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Med Tech-related technology assessments and clinical guidelines from NICE in October 2021
In October 2021, NICE published three Interventional Procedures Guidance (IPG):
- Genicular artery embolization for pain from knee osteoarthritis;
- Laparoscopic renal denervation for loin pain hematuria syndrome;
- Percutaneous endovascular forearm arteriovenous fistula creation for hemodialysis access.
IPG is developed for most of the novel interventional procedures entering the English market. The program focuses solely on clinical evidence. Recommendations may vary from "for research only" to "for use with standard arrangements for clinical governance, consent, and audit." Recommendations are not binding, although they are followed by providers and commissioners.
NICE concluded that evidence on the safety of genicular artery embolization for pain from knee osteoarthritis shows no major safety concerns in the short term. Evidence on its efficacy and long-term safety is inadequate in quality and quantity. Therefore, this procedure should only be used in the context of research.
Laparoscopic renal denervation is a minimally invasive procedure to interrupt the sensorial and sympathetic innervation of the kidney to control pain. NICE concluded that evidence on the safety and efficacy of laparoscopic renal denervation for loin pain hematuria syndrome is inadequate in quality and quantity. Therefore, this procedure should only be used in the context of research. Further research should report details of patient selection, a technique used, and long-term follow-up outcomes.
Percutaneous endovascular forearm arteriovenous fistula creation for hemodialysis access is a minimally invasive procedure that uses radiofrequency energy, or heat and pressure, to join an artery and vein in the forearm. NICE concluded that evidence on the safety of the procedure raises no major concerns. However, evidence on its efficacy is limited in quantity and quality. Therefore, this procedure should only be used with special arrangements for clinical governance, consent, and audit or research. Patient selection should be made by a multidisciplinary team, including a vascular access surgeon, nephrologist, and interventional radiologist. NICE encourages further research, preferably randomized controlled trials, that should report details of patient selection, particularly about vascular anatomy, a technique used, need for training, patency of the fistula and its subsequent ease of use, and quality of life.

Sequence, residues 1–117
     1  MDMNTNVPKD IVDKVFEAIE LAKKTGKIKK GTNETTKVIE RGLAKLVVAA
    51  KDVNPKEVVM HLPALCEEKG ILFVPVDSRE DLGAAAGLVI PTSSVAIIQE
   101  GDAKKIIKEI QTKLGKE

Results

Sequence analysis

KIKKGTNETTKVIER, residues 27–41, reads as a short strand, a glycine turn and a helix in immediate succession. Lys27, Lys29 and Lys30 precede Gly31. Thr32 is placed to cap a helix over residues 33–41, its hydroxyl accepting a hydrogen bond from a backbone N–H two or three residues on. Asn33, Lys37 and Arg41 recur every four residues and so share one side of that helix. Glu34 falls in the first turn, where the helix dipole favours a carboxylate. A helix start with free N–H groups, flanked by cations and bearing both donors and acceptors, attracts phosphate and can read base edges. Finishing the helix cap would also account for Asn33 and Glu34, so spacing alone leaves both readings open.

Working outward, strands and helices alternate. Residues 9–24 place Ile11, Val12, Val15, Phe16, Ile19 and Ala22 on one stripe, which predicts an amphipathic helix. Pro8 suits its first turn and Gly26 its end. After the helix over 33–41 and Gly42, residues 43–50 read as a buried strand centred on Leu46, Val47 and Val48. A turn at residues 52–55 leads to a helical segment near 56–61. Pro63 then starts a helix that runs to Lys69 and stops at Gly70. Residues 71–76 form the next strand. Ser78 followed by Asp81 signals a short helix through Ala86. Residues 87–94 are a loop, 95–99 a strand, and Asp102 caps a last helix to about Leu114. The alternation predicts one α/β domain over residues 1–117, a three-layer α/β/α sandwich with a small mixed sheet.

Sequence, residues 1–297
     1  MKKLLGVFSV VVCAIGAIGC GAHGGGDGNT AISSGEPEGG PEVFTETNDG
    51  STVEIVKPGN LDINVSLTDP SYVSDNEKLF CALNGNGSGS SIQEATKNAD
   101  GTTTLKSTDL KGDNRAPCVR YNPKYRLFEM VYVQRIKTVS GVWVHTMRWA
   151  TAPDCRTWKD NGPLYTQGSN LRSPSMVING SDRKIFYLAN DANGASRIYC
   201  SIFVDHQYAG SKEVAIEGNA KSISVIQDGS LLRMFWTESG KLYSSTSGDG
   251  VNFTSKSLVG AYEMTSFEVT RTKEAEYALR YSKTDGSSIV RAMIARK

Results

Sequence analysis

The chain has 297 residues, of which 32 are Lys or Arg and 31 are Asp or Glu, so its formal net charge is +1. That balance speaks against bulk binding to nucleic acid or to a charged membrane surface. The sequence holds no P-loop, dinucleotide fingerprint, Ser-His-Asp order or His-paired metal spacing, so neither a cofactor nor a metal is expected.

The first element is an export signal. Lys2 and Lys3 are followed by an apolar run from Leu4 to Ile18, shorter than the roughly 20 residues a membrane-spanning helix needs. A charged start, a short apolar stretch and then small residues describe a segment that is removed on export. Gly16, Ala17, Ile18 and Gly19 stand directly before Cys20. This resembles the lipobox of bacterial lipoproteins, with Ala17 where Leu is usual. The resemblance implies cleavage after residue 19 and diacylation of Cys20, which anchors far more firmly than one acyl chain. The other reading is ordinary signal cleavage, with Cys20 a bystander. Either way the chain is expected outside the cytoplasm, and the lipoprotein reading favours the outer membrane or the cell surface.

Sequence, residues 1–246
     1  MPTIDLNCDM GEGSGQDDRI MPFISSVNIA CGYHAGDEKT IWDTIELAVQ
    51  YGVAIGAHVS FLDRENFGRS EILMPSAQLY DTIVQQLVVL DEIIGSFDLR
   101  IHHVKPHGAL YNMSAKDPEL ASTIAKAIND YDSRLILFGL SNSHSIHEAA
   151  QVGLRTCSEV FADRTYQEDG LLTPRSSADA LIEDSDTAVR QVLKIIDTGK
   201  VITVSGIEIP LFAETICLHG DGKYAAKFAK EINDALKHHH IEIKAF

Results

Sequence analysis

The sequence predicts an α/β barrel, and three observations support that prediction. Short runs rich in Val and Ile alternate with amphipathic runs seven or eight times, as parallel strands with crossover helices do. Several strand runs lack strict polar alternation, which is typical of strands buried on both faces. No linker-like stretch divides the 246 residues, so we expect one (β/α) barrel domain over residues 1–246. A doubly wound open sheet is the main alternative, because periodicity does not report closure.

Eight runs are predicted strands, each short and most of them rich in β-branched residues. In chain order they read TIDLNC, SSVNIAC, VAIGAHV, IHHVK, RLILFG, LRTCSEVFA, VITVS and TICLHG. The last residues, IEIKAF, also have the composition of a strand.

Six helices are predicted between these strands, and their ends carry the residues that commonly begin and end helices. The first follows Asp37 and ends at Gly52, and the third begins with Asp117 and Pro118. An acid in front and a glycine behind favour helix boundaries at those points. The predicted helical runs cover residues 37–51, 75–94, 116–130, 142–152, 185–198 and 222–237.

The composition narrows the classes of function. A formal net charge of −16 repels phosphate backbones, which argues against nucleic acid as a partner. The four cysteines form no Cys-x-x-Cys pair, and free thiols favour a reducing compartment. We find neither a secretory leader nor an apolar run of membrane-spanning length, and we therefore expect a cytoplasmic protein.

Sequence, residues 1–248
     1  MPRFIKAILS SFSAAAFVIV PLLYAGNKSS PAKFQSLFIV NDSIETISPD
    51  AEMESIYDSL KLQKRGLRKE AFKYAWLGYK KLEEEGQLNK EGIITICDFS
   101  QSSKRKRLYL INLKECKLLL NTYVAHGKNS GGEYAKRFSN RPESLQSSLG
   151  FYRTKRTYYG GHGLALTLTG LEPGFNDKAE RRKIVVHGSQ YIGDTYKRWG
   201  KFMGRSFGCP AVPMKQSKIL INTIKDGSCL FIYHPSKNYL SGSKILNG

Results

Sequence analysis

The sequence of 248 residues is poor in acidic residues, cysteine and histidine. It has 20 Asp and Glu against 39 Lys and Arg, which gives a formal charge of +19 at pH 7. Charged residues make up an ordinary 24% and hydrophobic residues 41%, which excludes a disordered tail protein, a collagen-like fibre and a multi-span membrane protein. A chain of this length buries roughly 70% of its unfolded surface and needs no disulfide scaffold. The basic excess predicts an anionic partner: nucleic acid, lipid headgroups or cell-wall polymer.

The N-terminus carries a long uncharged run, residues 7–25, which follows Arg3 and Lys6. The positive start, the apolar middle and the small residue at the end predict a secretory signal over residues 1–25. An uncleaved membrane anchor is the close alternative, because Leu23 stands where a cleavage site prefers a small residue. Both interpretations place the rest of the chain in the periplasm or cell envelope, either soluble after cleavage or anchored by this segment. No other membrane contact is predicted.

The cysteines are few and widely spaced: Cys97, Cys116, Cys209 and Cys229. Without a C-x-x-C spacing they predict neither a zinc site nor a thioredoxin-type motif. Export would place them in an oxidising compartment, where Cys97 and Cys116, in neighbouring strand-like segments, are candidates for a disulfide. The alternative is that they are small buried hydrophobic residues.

Medical Technologies Guidance (MTG) evaluates new, innovative medical devices and diagnostics. It looks at medical technologies that deliver treatment, like those implanted during surgical procedures, give greater independence to patients, or detect or monitor medical conditions.
In October 2021, NICE issued one new MTGs on DyeVert Systems for reducing the risk of acute kidney injury in coronary and peripheral angiography. NICE concluded that DyeVert Systems show promise for reducing the risk of acute kidney injury (AKI) in coronary and peripheral angiography after using contrast media. However, there is not enough evidence to support the case for routine adoption. This is because there is not enough good-quality evidence that using the system reduces AKI incidence after having contrast media. A randomized controlled trial is recommended to compare DyeVert Systems with standard care.
Two new clinical guidelines were published in October:
- Myalgic encephalomyelitis (or encephalopathy)/chronic fatigue syndrome: diagnosis and management;
- Looked-after children and young people.
See the full details here.
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